Life & Letters

Correspondence

About this Item

Title: James W. Wallace to Walt Whitman, 23 January 1891

Date: January 23, 1891

Whitman Archive ID: loc.04696

Source: The Charles E. Feinberg Collection of the Papers of Walt Whitman, 1839–1919, Library of Congress, Washington, D.C. Transcribed from digital images or a microfilm reproduction of the original item. For a description of the editorial rationale behind our treatment of the correspondence, see our statement of editorial policy.

Contributors to digital file: Blake Bronson-Bartlett, Ian Faith, Alex Ashland, and Stephanie Blalock



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Anderton, nr Chorley.
Lancashire, England
23. January 1891.

My dear Walt Whitman,

Thank you for the copy of "Once a Week"1 you sent me & which I received on the 17th ult.—I noted especially the account of The O'Gorman Mahon,2 & the pictures & leader relating to the Indians. It reminded me of your "Indian Bureau Reminiscences,"3 which I re-read I hope that your artist friend "B.H."4 "regained his health" & has been successful in his studies & work.

I send you herewith a copy of "The Magazine of Art"5 for January,—containing a photogravure & engravings of earlier portraits of Ruskin,6 which I think will interest you.

I have long been deeply interested in his books, & it used to be one of my main desires to give them complete & exhaustive study that I, too, might contribute a little to their exposition & support.

And I still think that no English author—since his master Carlyle7—so emphatically deserves it, & deserves the sympathetic & careful study of his race. And at no period, probably, has a braver, purer spirit ever spent his passionate force in literature for the sacred cause of human well-being. His message (with whatever limitations,—& they are great) is one of deep importance to his generation, & should be laid well to heart. But it still needs to be set in its due relationship & needs (it seems to me) to be corrected & offset by the larger & complementary (or rather over-arching) teaching which you have given us. I have long desired to attempt to do this. And, with better health & strength,8 & under more favourable conditions, I yet hope to do something towards it.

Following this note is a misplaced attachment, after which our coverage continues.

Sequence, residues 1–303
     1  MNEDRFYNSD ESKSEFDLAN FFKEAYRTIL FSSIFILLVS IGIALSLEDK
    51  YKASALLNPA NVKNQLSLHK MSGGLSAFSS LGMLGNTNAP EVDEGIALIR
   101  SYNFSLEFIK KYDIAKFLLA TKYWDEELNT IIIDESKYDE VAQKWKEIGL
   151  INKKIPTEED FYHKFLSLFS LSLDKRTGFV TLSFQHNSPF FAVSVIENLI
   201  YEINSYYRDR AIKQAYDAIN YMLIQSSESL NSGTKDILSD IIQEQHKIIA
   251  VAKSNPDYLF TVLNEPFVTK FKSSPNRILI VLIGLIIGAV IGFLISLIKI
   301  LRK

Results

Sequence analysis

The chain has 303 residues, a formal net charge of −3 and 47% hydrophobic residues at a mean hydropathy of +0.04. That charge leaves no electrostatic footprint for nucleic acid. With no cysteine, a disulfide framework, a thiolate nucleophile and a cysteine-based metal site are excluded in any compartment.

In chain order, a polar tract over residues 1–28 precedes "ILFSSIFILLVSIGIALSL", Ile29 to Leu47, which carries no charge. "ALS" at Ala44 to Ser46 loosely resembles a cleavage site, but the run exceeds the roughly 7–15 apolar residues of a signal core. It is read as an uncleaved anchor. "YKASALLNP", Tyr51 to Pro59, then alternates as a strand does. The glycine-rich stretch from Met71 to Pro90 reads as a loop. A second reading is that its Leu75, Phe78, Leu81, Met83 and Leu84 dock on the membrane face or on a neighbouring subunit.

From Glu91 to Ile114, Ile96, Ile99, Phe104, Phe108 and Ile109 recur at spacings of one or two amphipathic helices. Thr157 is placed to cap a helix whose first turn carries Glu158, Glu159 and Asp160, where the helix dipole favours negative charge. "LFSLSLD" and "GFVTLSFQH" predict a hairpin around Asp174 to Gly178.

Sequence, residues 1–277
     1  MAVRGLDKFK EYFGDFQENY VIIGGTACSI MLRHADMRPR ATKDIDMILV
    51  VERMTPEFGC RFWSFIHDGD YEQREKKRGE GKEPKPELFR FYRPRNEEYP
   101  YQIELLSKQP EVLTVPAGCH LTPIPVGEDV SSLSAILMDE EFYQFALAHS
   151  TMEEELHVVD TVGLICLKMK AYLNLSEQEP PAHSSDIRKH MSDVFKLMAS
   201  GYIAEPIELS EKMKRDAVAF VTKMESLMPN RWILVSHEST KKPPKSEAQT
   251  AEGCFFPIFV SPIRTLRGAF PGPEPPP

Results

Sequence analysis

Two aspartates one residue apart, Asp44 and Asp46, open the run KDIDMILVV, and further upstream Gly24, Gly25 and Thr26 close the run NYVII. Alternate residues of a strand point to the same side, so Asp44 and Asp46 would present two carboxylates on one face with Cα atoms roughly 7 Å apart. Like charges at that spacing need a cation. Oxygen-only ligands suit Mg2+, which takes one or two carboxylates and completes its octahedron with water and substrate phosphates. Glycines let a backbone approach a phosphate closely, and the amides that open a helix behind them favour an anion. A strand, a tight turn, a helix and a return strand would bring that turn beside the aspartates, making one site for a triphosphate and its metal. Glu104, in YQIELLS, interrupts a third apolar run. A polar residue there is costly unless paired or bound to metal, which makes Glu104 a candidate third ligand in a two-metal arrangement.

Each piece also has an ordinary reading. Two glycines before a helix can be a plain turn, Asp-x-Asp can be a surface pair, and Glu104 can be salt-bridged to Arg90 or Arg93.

I often wonder to what extent you are acquainted with his books. No doubt you know some of them well. They are antagonistic, of course, in several essential respects, to your own. But I am often struck, in minor points, with the degree in which they are not only in unison with yours, but in which they support & illustrate them. "Wisdom is justified of all her children,"9 and the truth of every man's work or thought is eliminated, in course of time, to the last fraction, from the false, & helps onward the march of human progress.—If Ruskin is narrow & wilful—if he "prescribes specifics for indispensible evils," or if,—Quixote-like,—he tilts at times against imaginary foes, let us, not any the less, revere the [nobleness?] of his aims, & & honour, with swelling love & gratitude, the fiery war against the evils of his time, in which he has spent his energies & wasted his heart.

One wishes, at times, that he had known you personally long ago, & could have had familiar talk with you, face to face, as he had with Carlyle.10

And I have often been disposed to wish that Carlyle could have done so too. Your great love for him is very manifest. [And?] he, [above?] all others, loved a man & knew one when he saw one.

—How sad & strange, it seems at times, that he should have never really known you at all! But the Divine Providence is wise. It was Carlyle's lot to do a great & needed service, which, under other conditions, would perhaps have never been done. And though one wishes for his sake that he could have learned of you, & though it might have saved him desolating pain & loneliness of heart, yet, who shall say that his great soul was not better for the terrible toils & grim purgatorial fires through which he passed, & for the agonizings & fierce travail throes of his prophetic (however partial) message?

And it has seemed clear to me, in reading Ruskin's latest books, (the later vols. of "Fors Clavigera"11 especially) that in his passionate crusade against the evils of our modern life—notwithstanding its bruises to his delicate, susceptible spirit, & the yet more bitter separation of life & isolation of soul in which it has placed him.—(as of one "crying in the wilderness"12) he has, nevertheless, gained in spiritual depth & insight, & (I think) in a deeper trust in the ultimate good to follow the vast movements & (to him) apparent disintegration & retrogression of our time.

He does not love your Republic & its aims[.?] But no other living English author, I think[,?] has made [illegible] (with all deductions) so valuable a contribution to its sociology & evolution. (Though I recognize its limitations & drawbacks.—& see how much better is the ideal to which America is actually tending—independently of any authors).

Pardon my writing to you thus.—But it is partly because I have loved Carlyle & Ruskin from long years, & studied their books, that your teaching has been so precious to me.—

I hope that you are keeping better—The weather here is very variable—a day or two of thaw—or rain—followed by sharp frost & snow.

With love to you always
I remain
Yours affectionately
J.W. Wallace

P.S.